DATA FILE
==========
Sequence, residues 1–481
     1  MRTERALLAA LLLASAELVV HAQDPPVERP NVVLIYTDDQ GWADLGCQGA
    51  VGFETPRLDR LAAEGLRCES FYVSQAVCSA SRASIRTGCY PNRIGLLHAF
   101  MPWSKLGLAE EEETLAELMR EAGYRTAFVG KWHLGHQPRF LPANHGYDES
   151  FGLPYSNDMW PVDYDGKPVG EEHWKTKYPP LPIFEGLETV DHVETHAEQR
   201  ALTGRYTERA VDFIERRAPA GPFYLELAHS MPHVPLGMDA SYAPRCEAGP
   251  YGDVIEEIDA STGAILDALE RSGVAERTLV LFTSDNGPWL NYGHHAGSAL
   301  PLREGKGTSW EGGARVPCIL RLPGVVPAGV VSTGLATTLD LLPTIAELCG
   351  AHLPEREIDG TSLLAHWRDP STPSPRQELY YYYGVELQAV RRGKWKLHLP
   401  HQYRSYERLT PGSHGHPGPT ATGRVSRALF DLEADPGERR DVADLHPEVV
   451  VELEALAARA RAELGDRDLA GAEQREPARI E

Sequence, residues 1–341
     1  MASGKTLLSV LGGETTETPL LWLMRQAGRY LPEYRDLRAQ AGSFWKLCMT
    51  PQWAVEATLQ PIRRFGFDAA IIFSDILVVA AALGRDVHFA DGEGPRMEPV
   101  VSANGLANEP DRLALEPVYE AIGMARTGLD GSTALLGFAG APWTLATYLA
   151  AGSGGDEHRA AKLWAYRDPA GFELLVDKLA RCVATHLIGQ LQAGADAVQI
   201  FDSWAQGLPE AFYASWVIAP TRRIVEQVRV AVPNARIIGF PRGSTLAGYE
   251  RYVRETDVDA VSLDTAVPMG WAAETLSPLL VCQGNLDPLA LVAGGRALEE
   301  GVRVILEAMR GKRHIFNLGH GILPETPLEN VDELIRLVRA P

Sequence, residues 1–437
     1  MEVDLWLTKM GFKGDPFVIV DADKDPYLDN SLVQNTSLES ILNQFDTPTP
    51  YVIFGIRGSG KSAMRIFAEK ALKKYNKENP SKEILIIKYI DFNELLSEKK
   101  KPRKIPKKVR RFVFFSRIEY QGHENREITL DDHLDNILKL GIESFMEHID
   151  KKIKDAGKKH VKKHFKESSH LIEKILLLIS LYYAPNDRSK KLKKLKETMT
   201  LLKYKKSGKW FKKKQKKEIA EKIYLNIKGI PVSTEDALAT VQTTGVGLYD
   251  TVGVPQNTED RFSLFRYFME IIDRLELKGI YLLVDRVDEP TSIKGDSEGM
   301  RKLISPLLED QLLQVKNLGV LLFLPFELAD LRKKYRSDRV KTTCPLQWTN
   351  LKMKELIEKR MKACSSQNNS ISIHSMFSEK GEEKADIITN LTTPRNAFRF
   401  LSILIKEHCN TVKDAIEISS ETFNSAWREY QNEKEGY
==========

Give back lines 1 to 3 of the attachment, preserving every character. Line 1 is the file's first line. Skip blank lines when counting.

Sequence, residues 1–481
     1  MRTERALLAA LLLASAELVV HAQDPPVERP NVVLIYTDDQ GWADLGCQGA
    51  VGFETPRLDR LAAEGLRCES FYVSQAVCSA SRASIRTGCY PNRIGLLHAF